By Ed. Downey
American GIL HIBBEN is a 3rd degree black belt in Ed Parker's Kenpo Karate system and a master knife maker. He designed the 'Kenpo knife' - also known as the 'Parker knife' in 1968 for his black belt thesis on knife fighting using Kenpo tactics. It was this thesis which led to the development of the system's long Form VIII ('the double dagger form) which uses two knives in mock combat.
Last year after many years and hundreds of requests from Kenpo enthusiasts, Hibben produced a production replica of his now famous knife.
His work is well known to any one who has seen the Rambo, Deep Space Nine or recent Star Trek films for he is the craftsman who made the knives and edged weapons for these films. Kenpo expert Jeff Speakman used a Hibben knife in his movie Perfect Weapon and his blades were also used in the film Mortal Kombat.
I met Hibben at the American Kenpo Karate Systems' Kenpo Camp '96 in Baltimore, Maryland. I took the opportunity to ask him what makes the design of the Kenpo knife so special?
'A Chinese fist'
"The knife is designed so that you can use it with the thumb on the top of the blade. On the one that I designed in 1968 - the 'Parker knife' - I put a slight angle on the guard which allows you to put your thumb up on it. This incorporates what we call a Chinese fist - where we have a greater muscle structure in the wrist holding the knife and you are able to manoeuvre more and in a much faster way to protect yourself" Hibben explained. "This slight angle on the guard also works if you turn the knife in a back position and it still fits very comfortably. So the blade is basically a standard fighter's blade that has been around for a very long time."
He continued: "The major part of it is the handle design in the way that the blade can be used with the grip. We put finger grooves along the bottom for absolute control so that you won't be able to have it taken out of your hand. The guard also protects you from your opponent's blade but it can also be used as part of the offensiveness of the knife. A lot of thought has gone into the design of it.
"He also explained that the back of the weapon allows you to hook or to catch and also affords protection if you have it forward in the front part of the hand. This section can also be used to strike with after a cut, or to keep from cutting depending on the situation.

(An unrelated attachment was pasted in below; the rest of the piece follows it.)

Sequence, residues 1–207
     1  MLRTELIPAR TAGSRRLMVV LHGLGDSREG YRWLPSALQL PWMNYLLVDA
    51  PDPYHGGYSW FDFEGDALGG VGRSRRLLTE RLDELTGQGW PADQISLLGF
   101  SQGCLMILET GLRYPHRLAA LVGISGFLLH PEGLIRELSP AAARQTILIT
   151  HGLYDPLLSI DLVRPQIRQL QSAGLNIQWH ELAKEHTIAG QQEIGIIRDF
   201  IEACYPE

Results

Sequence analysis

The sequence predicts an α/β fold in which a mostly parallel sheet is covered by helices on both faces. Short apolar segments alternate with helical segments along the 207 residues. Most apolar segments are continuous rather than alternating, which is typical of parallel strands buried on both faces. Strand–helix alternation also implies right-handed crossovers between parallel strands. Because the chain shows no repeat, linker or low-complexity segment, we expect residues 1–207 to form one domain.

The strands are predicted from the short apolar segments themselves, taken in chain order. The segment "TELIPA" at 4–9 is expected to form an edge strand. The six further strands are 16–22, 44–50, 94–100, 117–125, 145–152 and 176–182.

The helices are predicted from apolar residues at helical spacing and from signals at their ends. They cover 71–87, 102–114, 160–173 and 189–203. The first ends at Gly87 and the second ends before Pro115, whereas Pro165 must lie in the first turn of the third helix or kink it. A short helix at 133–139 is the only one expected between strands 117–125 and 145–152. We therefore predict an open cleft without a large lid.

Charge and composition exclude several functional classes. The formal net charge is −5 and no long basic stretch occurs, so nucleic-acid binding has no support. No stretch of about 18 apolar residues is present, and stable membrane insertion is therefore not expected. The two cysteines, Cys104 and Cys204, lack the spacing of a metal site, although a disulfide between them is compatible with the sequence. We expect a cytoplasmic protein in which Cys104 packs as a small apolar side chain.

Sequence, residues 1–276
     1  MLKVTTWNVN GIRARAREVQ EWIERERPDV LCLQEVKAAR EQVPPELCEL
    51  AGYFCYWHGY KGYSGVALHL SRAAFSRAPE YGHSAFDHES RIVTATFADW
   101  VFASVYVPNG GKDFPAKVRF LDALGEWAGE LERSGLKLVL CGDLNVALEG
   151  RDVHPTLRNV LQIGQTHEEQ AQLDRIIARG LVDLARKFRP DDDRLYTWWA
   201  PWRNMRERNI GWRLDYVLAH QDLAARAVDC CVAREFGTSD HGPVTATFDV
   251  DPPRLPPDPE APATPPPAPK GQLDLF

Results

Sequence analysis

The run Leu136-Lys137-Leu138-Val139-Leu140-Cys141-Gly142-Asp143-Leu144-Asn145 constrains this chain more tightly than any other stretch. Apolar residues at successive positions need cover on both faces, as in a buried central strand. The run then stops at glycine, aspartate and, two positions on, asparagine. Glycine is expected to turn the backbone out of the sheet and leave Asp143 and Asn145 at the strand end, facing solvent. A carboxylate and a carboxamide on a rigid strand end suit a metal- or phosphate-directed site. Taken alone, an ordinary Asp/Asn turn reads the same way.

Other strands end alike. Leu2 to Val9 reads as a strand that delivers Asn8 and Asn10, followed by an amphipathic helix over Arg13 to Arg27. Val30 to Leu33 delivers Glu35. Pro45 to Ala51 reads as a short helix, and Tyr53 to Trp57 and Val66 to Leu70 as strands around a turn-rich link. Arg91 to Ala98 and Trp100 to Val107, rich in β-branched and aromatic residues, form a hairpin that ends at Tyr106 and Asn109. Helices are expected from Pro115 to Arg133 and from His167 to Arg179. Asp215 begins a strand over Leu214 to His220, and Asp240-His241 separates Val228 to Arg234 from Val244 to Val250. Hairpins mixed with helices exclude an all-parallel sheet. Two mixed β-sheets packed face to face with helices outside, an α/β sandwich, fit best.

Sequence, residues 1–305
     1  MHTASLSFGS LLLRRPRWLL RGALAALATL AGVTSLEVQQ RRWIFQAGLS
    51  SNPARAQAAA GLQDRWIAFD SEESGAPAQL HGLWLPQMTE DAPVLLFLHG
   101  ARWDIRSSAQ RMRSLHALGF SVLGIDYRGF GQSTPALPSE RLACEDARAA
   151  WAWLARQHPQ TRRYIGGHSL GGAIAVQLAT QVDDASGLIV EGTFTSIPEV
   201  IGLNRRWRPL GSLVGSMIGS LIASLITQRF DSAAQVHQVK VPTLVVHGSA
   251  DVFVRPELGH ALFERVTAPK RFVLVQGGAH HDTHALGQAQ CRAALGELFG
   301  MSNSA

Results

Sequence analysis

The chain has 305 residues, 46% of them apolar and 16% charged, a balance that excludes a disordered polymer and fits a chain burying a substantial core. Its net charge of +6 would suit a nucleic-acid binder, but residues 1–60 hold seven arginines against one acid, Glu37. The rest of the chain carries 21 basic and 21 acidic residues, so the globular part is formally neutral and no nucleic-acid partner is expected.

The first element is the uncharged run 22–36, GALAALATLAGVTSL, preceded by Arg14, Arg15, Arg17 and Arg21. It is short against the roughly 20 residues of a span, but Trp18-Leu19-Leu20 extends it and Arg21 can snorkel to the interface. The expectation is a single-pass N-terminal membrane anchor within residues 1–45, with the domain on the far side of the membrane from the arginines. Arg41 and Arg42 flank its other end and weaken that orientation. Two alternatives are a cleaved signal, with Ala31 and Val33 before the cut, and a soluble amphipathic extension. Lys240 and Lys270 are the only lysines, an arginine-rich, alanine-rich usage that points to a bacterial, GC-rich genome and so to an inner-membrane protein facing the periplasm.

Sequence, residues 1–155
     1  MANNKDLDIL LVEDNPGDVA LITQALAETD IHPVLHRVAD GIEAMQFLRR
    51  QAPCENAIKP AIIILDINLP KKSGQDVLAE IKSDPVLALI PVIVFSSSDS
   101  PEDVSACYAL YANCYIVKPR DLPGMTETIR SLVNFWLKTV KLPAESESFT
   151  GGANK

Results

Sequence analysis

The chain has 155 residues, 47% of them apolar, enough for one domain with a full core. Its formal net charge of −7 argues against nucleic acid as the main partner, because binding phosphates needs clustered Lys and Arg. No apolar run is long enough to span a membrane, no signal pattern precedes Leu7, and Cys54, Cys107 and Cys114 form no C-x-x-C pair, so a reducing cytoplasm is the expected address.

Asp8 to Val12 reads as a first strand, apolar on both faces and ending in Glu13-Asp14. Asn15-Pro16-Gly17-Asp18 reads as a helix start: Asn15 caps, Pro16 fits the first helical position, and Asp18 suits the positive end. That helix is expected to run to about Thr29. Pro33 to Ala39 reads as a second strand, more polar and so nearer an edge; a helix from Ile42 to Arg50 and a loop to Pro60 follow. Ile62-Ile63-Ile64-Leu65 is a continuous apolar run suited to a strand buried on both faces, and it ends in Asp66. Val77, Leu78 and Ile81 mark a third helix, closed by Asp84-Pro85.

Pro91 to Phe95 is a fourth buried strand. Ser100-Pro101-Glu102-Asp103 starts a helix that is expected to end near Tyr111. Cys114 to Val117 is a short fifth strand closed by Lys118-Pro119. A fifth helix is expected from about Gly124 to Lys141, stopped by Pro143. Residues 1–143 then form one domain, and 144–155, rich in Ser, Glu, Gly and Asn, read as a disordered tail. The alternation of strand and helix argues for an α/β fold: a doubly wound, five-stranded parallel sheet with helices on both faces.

"Of course, you wouldn't want to cut anyone unless you had to - say in a wartime situation We made a lot of these types of knives during the Vietnam War days and we sent a lot of them over there. So, unfortunately they received some action. But you don't like to think about those things, "Hibben added.
Some of the Kenpo techniques are designed for two knives. Are these knives designed to be used as a pair or singly?
'Ancient sword play'
"Well some of the guys in competition will use two knives but I think in the real world you should use the sheath in one hand for protection to catch the opponent's edge. It's like the ancient sword way. They had a long sword and a short sword and you kept your opponent away with the long blade so that you could use the short one." Hibben added: "The two knife form is, I think, more for demonstration purposes. I also believe that you would be limited using two knives because your mind can only concentrate on one thing. To start doing multiple things isn't easy. It's difficult for the human mind to do that, especially for an untrained person."
Is Hibben still active in Kenpo Karate? "Yes. I teach on a limited basis. I have six black belts under me in Kentucky and I'm also an advisor on knives. I have a busy schedule, as I'm a professional knife maker. I'm going into my 40th year making knives so I travel a lot - almost too much to have a regular base - but I do private lessons and still do seminars."
Ed Downey is a professional martial artist and the representative in Ireland for Jeff Speakman's American Kenpo Karate Systems. He runs his full-time International Kenpo Karate Academy in Celbridge, Co. Kildare.